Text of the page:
What if you took the riffs from the Black Keys, mixed together with some Can, Tangerine Dream, and poured it through the gutters of Berlin, straining it through the finely webbed garments of Urban Outfitters into the toxic, regrettable, crack-like shine of NME, stapled on a set of finely groomed beards and handsome looks, and told it to go sing on Glastonbury’s Other Stage? You’d get something like Odd Couple, the German rock duo that pump out Jack White-like choruses in German and English, crank out upside-down synth sounds, and monstrous guitar nose.
This is the orchestration of childhood friends Tammo Dehn and Jascha Kreft whose latest album Yada Yada sounds like Queens of the Stone Age without the hardcore drugs and rock n’ roll misdemeanours. And that’s not such a bad thing. DiS caught up with the band last year, enamoured by the previous LP Flügge – a record about seeking independence, and then missing being dependent at the same time – to discuss the band’s energy, mirth, and German weirdness; a sound Josh Homme would only ever dream of achieving. That is if he wasn’t too busy mucking around with Mark Ronson.
The German act is seemingly on the brink of great things. Independent with a cult following, they’ve played slots at Roskilde, Berlin’s Desert Fest, along with a string of European headline shows. Their latest LP was released on Cargo, and is abuzz with niche rock craftsmanship. Originally from a small German town in Ostfriesland, the duo came to Berlin several years ago, ending up living together and creating a little rock nest in the European home of electronics.
Odd Future are stylistically the epitome of psyche-rock-light (let’s face it, they’re not King Gizzard). But speaking to the duo about their music, Tammo and Jascha start off by denying having any knowledge about there being a German psych-rock scene, or having themselves attached to it. Which, with the likes of themselves, Sons of Thyme, Orcales, and Oum Shatt all creating waves in the community, it’s difficult to take this answer at face value. But then again, interviewing German acts can be like this. No matter how adventurous the music is, an almost autistic view of the world can come in tow. These rock heebees, for all of their colour and flare, wild appearance, and rock music, provide a challenging nuance when it comes to describing their music. Challenging or just humble.
Tammo and Jascho actually operate within a community of like-minded musicians, who share roles in various bands. A Berlin-style, Desert-Sessions type landscape if you will. The duo both play in stoner-rock outfit Sons of Thyme and lend their skills to studio-buddies Klaus Johann Grobe, whilst also contributing to the output of Cult Hands, who in turn perform in the Odd Couple touring outfit. It’s like a big, Berlin-psych-circus. “I wouldn’t consider us a psych-rock band,” states Jascha. I press him on the issue further, especially as all the press releases, and magazines, describe the band as psych-rock. “I guess some songs have a ‘psych-rock-sound’ but in general I don’t think that this genre-description fits us. Call it how you want. For me this genre-stuff is something that I don’t even want to think about.”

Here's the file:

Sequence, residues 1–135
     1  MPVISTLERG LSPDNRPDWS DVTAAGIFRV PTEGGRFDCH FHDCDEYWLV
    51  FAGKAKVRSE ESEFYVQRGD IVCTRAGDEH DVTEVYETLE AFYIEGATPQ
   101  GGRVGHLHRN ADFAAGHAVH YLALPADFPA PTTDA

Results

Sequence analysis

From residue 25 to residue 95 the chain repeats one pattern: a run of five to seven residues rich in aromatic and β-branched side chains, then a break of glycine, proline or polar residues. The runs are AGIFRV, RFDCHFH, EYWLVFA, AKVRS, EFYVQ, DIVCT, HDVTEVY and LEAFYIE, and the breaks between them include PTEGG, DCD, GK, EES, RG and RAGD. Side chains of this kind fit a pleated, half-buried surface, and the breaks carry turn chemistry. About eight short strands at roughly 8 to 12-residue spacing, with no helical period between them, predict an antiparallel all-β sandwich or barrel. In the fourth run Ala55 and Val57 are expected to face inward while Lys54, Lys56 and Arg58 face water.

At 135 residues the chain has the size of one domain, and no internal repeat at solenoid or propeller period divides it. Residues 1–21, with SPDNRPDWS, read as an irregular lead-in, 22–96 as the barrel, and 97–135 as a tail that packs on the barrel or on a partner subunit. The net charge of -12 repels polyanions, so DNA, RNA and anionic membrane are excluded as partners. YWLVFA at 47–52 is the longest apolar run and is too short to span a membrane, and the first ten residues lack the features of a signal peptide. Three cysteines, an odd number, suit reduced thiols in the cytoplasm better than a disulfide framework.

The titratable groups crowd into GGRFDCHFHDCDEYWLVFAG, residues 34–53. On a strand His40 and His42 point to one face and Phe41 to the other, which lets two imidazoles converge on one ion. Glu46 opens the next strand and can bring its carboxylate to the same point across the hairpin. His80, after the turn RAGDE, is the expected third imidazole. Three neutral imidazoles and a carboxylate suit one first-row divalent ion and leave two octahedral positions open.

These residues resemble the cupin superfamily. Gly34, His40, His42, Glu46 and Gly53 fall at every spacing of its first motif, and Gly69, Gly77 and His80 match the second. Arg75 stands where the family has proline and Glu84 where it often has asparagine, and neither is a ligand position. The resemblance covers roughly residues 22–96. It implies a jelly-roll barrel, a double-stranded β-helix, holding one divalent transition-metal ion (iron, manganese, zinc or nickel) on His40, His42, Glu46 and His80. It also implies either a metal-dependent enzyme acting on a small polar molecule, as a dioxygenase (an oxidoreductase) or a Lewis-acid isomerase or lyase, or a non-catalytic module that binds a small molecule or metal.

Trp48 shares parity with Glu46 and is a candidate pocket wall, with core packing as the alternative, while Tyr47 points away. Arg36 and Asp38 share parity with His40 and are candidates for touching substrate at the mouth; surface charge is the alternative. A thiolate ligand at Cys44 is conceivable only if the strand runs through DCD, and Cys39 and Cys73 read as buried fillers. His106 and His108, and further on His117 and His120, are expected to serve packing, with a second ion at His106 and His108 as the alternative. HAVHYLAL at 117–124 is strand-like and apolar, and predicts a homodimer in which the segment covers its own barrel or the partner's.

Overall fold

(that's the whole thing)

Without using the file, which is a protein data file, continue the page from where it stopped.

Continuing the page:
Influenced by Can from an early age, Odd Couple are now already on the second LP. Their debut, the independently released It’s A Pleasure To Meet You, embodied the act’s grungier, dirt-rock sonic aesthetics. The new LP plays on the expressiveness of Flügge but with more Can, the presence of synths, effects, and analogue distortion ever louder in their music. “Using older technology is more of an aesthetic decision than nostalgia,” explains Jascha. “We like analogue, mechanic things.”
Flügge kicks off with ‘Haste Strom, Haste Licht’, a sing-along anthemic rock-belter that plays into the notion of ‘being connected and disconnected at the same time.’ It’s a resonance that plays throughout the record, the #firstworldproblem pains of being a millennial. But pains they still are. Odd Couple are a modern band for a modern generation, independent musicians singing about a lack of independence. ‘Gone Solid’ is a song that on the face of things is about shaving off your beard, but as Tammo explains, is actually about “the moment you take off your veil and the person in front you realizes who you really are.” The album’s title, Flügge translates as the readiness for flight, or to leave the nest. And although these themes play throughout the record, sonically these German rock figureheads have already taken flight, taking inspiration as they go. “Figure out what you want and do what you want,” says Tammo. “I wouldn’t say that I have reached this, though.” There’s still time
Yada Yada is a one-up on everything they’ve done before. Touring throughout Europe, including an appearance at London’s epic Old Blue Last, the band have finally taken off, leaving their nest behind with seven-minute songs and a new band member (shouldn’t that be Odd Trio then chaps?). There are more journeys into garage-rock, psych-trauma, and hits that make the sweat bleed out of small-venue-walls. Just don’t expect any exciting interview banter.
Yada Yada is out now via Cargo records. For more information about Odd Couple, including forthcoming tour dates, please visit their BandCamp page.